United Nations

United Nations

an excerpt from The 28 Inch Mill by Robert D. Frantz

Janos, Janos, it’s Karl, yeah, Karl Yoder. Hey, how’re you doin’? Sit down and have a drink. Jeez, its good to see ya. I been thinkin’ about the mill. It’s been over thirty years since they shut down the 28. I been wonderin’ how all the guys are doin’.

We really had our own United Nations down there. Hungarians, Slovaks, Polacks, Italians, Germans, Irish, Mexicans, Romanians, Austrians, Russians, Greeks, Jews, Arabs. You name it we had it. All got along real good too.

It wasn’t always that way though. Back in the 1800’s Bethlehem Steel was started by the Germans and for the first twenty or thirty years they held all the jobs. Then they started to hire the Irish and gave them all the lousy jobs, like the coke works and shovelin’ scale, stuff like that.

Another thirty years or so and the Irish move up and start hirin’ the Slovaks, Hungarians, and Polacks to do all the dirty work.

Funny thing they called ’em all Hunkies, didn’t matter if they was Polacks, Slovaks, Ukrainians, or whatever, they was still Hunkies, unless they was Italian—then they was Dagos or Wops. Killed ’em off like flies, too. Didn’t give a damn, what’s another Hunkie?

Then during the First World War they started hirin’ the Mexicans ’cause they thought they could stand the heat better. So they all got sent to the coke works. The Irish, they became the foremen. That’s why even today, no matter what shop you go into there’s some Irish foreman tellin’ everybody what to do.

When the Union come in they put a stop to all that. I mean they couldn’t keep you down just ’cause you was a Hunkie or a Dago. Lucky for me and you, Janos, we had the Union., I don’t think I could a stood it the way it was in the old days.

Janos, remember that Christmas morning, must have been thirty-five years ago, we were workin’ day turn—seemed like we always worked Christmas, Easter, too.

Anyways, you were on the rougher, Johnny Atiyeh was on the roller line and Louie Silverstein on the strand. Johnny looks over at you and says, “Merry Christmas, Janos.” Then he looks over at Louie and says, “Merry Christmas, Louie.” Then Louie says; Jesus Christ, I’ll never forget it; he says “You know Johnny, only in Americacould an Arab wish a Jew a Merry Christmas.”

You’re so taken in by it, you start blowin’ the whistle like crazy. The roller calls on the P. A. and says “What’s that all about?” And you tell ’em, “Johnny Atiyeh just wished Louie Silverstein a Merry Christmas.”

Then the 32″ mill picks up on it and they start tootin’, then the 40 #1. Then the pits holler down, “Hey, what the hell’s goin’ on down there?” So they told ’em. They start tootin’, then the 48″ mill, the 42, the beam yard. Sounded like the day the goddamn war ended.

Course we useta kid around a lot. I mean like you guys callin’ me farmer ’cause I was Pennsylvania Dutch and yellin’ “Oink, oink” most every time you seen me walkin’ down the roller line.

My buddy Vinnie was the worst at that. Seems every time I walked into the back strand Vinnie’d say somethin’ like “Hey, Karl, I heard you got a maus in your haus.”

Course most everybody else got razzed too. Lotta times the Dutchmen would holler over the P. A. “Dumb Hunk” when they seen one of the Slovaks or Polacks. Everybody took it good-natured though.

Me and Louie Silverstein got the worst of it, him bein’ Jewish and all. Once I asked Louie if he minded all the guys teasin’ him. You know what he told me? He says, “Hell no, its their way of showin’ affection. I’ll start to worry when they stop talkin’ to me.”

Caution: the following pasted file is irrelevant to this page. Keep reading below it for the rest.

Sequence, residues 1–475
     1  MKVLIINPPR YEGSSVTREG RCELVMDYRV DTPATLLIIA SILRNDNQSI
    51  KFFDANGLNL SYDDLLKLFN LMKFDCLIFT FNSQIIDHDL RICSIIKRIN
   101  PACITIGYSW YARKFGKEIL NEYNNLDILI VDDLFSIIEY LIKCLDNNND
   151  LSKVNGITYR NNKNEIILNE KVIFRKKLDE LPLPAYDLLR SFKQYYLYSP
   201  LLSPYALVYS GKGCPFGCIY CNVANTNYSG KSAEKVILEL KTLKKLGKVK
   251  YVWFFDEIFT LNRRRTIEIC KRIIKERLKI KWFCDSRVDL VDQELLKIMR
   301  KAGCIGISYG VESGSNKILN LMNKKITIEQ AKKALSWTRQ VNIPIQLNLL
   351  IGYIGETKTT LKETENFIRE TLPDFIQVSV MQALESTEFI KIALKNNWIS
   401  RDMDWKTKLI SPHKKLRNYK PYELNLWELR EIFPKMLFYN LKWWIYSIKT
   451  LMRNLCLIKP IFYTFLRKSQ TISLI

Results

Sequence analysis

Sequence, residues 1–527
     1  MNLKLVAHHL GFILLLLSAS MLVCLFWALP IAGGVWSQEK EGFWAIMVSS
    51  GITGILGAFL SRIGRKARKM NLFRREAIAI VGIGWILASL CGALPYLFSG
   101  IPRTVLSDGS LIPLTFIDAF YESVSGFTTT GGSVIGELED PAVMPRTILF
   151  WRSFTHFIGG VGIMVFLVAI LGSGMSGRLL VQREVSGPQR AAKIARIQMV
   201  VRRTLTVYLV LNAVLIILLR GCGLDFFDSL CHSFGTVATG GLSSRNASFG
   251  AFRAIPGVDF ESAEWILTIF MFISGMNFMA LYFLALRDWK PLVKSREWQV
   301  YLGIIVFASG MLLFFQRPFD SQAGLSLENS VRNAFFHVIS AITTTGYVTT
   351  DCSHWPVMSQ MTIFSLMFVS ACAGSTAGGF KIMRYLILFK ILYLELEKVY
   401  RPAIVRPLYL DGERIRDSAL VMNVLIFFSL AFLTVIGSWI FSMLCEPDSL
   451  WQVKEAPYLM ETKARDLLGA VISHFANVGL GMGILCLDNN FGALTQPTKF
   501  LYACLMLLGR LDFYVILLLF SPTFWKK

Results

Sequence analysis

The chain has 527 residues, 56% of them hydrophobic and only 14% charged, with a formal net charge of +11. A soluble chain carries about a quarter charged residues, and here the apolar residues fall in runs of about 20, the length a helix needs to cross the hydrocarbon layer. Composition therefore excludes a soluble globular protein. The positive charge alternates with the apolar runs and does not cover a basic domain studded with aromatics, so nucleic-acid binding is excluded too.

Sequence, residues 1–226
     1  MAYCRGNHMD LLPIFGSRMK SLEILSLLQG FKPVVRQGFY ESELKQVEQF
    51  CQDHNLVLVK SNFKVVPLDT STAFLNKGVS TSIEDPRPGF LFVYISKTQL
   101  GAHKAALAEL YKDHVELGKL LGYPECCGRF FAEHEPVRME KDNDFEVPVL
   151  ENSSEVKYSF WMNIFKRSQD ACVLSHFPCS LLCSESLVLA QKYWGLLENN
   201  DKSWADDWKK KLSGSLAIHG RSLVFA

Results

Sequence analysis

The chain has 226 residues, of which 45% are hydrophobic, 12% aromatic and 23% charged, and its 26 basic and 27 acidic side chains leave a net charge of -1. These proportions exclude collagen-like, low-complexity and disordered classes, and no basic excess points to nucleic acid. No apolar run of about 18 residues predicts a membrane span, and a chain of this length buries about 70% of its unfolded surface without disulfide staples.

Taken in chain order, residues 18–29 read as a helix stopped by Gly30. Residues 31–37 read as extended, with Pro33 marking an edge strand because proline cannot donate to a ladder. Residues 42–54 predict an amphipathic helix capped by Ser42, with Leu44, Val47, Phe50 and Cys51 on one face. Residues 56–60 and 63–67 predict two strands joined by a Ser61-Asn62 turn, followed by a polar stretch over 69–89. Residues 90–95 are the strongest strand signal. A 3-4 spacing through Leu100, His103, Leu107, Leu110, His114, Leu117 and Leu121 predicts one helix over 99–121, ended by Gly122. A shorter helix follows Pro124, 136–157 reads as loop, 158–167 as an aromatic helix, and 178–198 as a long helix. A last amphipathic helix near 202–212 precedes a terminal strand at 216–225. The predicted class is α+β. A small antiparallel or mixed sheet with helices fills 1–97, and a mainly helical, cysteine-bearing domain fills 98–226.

Sure enough, couple months later, we got this kid. He come down from the coal regions. You know, Frackville or some place like that. Anyways, we heard that he just got married. So old Frank Kozlosky the Roller goes up to him, you know, just jokin’ around, and asks the kid when he was gonna start handin’ out cigars.

Guess the kid was religious or somethin’, tells old Frank to mind his own goddamn business. I’m tellin you Janos, I was standin’ right there—coulda heard a pin drop. Frank just turns his back and walks away.

Anyways, Big Frankie—you recall how you’d get a new guy and he’d say;

“Why do call him Big Frankie, can’t be more’n 5’10” and 160 lbs.?”

“Cause the roller’s name is Frank, too.”

“Well, why don’t you just call the roller, Little Frankie?”

“Cause he’s the Roller, you dumb bastard.”

So Big Frankie goes up to the kid and says, “Look you hurt the old man’s feelings. Whyn’t you go over and apologize?”

Well, the kid doesn’t say anything, just gives him a smart-ass, screw you look. Like Louie said, everybody stopped talkin’ to him. He lasted about three days and never showed up again.

You know how they useta say that some nationalities were better than others at certain jobs. Well, that ain’t the way it was on the 28. Look at the rollers we had: two Slovaks, a Polack, an Irishman, and a couple of Dutchmen. Same thing for all the jobs. Didn’t make no difference where you come from.

Well you say, how ’bout the Mexican roll builders? See, I asked Manuel ’bout that once; him bein’ the head roll builder. He told me he got hired during the First War as a roll builder, then when his buddies came over, he got ’em jobs as roll builders, too. They stayed roll builders ’cause they couldn’t speak English too good and they wanted to stick with Manuel. Remember the labor gang? They called it the Greeks gang. Same thing. Bunch of Greeks come over ’bout 1925. First one here gets a job on the labor gang and he gets his pals all jobs on the labor gang. He gets to be Labor Leader. Don’t mean that Greeks are only good enough to work labor. Hell, lotta their kids are big shots in town today.

© copyright by Robert D. Frantz, all rights reserved.

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